What Linux programming tools for SQL are there? (MySQL is ported toLinux but that's a language, not a API) - Linux

This is a discussion on What Linux programming tools for SQL are there? (MySQL is ported toLinux but that's a language, not a API) - Linux ; On Dec 27, 1:58*pm, Rex Ballard wrote: > On Dec 26, 6:29 pm, raylopez99 wrote:> On Dec 26, 1:31 pm, Rex Ballard > > I use BOTH Windows AND Linux. *My Z61P runs both Linux and Windows > using virtualization. ...

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Thread: What Linux programming tools for SQL are there? (MySQL is ported toLinux but that's a language, not a API)

  1. What Linux programming tools for SQL are there? (MySQL is ported toLinux but that's a language, not a API)

    On Dec 27, 1:58*pm, Rex Ballard wrote:
    > On Dec 26, 6:29 pm, raylopez99 wrote:> On Dec 26, 1:31 pm, Rex Ballard
    >
    > I use BOTH Windows AND Linux. *My Z61P runs both Linux and Windows
    > using virtualization. *My T40 runs Linux exclusively.
    >


    OK, thanks. If you know of any decent development tools for C++ with
    an emphasis on SQL language I might give Linux a whirl. I'm learning
    SQL programming now, and it seems the emphasis is on the GUI front end
    rather than the ANSI-standard SQL back end (Microsoft has excellent
    GUIs/APIs in the Access 2003 (Visual Basic) and SQL Server 2005
    (C#.NET) languages, which is pretty cute), so I'm curious what whiz-
    bang GUI/API the Linux folks use for the front end...I notice even
    Oracle uses their own programming API/language for their version of
    SQL. ..maybe I'll make this a seperate thread.

    RL

  2. Re: What Linux programming tools for SQL are there? (MySQL isported toLinux but that's a language, not a API)

    On Fri, 28 Dec 2007 10:09:09 -0800, raylopez99 wrote:

    > On Dec 27, 1:58*pm, Rex Ballard wrote:
    >> On Dec 26, 6:29 pm, raylopez99 wrote:> On Dec
    >> 26, 1:31 pm, Rex Ballard
    >>
    >> I use BOTH Windows AND Linux. *My Z61P runs both Linux and Windows
    >> using virtualization. *My T40 runs Linux exclusively.
    >>
    >>

    > OK, thanks. If you know of any decent development tools for C++ with an
    > emphasis on SQL language I might give Linux a whirl. I'm learning SQL
    > programming now, and it seems the emphasis is on the GUI front end
    > rather than the ANSI-standard SQL back end (Microsoft has excellent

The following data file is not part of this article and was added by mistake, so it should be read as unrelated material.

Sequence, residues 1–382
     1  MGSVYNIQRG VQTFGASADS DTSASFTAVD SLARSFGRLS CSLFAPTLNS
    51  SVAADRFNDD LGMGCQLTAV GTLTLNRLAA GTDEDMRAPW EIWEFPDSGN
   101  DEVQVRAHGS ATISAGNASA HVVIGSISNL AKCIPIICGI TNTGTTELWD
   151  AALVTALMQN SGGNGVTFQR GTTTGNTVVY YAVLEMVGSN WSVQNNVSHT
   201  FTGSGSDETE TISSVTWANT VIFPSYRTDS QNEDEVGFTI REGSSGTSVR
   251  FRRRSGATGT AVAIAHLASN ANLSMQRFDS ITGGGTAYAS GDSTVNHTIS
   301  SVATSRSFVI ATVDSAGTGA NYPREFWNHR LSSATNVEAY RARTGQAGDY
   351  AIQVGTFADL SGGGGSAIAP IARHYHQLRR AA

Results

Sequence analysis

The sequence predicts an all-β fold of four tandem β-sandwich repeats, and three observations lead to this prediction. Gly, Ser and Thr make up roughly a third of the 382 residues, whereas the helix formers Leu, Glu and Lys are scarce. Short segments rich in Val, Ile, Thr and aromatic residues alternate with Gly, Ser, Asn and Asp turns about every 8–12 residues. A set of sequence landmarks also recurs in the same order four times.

> GUIs/APIs in the Access 2003 (Visual Basic) and SQL Server 2005 (C#.NET)
    > languages, which is pretty cute), so I'm curious what whiz- bang GUI/API
    > the Linux folks use for the front end...I notice even Oracle uses their
    > own programming API/language for their version of SQL. ..maybe I'll make
    > this a seperate thread.
    >
    > RL




    Maybe you should ask in a related technical group.

    --
    Rick

  3. Re: What Linux programming tools for SQL are there? (MySQL is ported to Linux but that's a language, not a API)


    "Rick" wrote in message
    news:13nahbksq49lc5d@news.supernews.com...
    > On Fri, 28 Dec 2007 10:09:09 -0800, raylopez99 wrote:
    >
    >> On Dec 27, 1:58 pm, Rex Ballard wrote:
    >>> On Dec 26, 6:29 pm, raylopez99 wrote:> On Dec
    >>> 26, 1:31 pm, Rex Ballard
    >>>
    >>> I use BOTH Windows AND Linux. My Z61P runs both Linux and Windows
    >>> using virtualization. My T40 runs Linux exclusively.
    >>>
    >>>

    >> OK, thanks. If you know of any decent development tools for C++ with an
    >> emphasis on SQL language I might give Linux a whirl. I'm learning SQL
    >> programming now, and it seems the emphasis is on the GUI front end
    >> rather than the ANSI-standard SQL back end (Microsoft has excellent
    >> GUIs/APIs in the Access 2003 (Visual Basic) and SQL Server 2005 (C#.NET)
    >> languages, which is pretty cute), so I'm curious what whiz- bang GUI/API
    >> the Linux folks use for the front end...I notice even Oracle uses their
    >> own programming API/language for their version of SQL. ..maybe I'll make
    >> this a seperate thread.
    >>
    >> RL

    >
    >
    >
    > Maybe you should ask in a related technical group.
    >
    > --
    > Rick


    Right! Because people that advocate Linux use would have absolutely no idea
    what programming tools to use on the OS they advocate to accomplish your
    goal.

    I wonder if they've heard of GIMP in here? After all, the newsgroup doesn't
    mention graphics apps.

    jim



  4. Re: What Linux programming tools for SQL are there? (MySQL isported to Linux but that's a language, not a API)

    On Fri, 28 Dec 2007 14:06:10 -0500, jim wrote:

    > "Rick" wrote in message
    > news:13nahbksq49lc5d@news.supernews.com...
    >> On Fri, 28 Dec 2007 10:09:09 -0800, raylopez99 wrote:
    >>
    >>> On Dec 27, 1:58 pm, Rex Ballard wrote: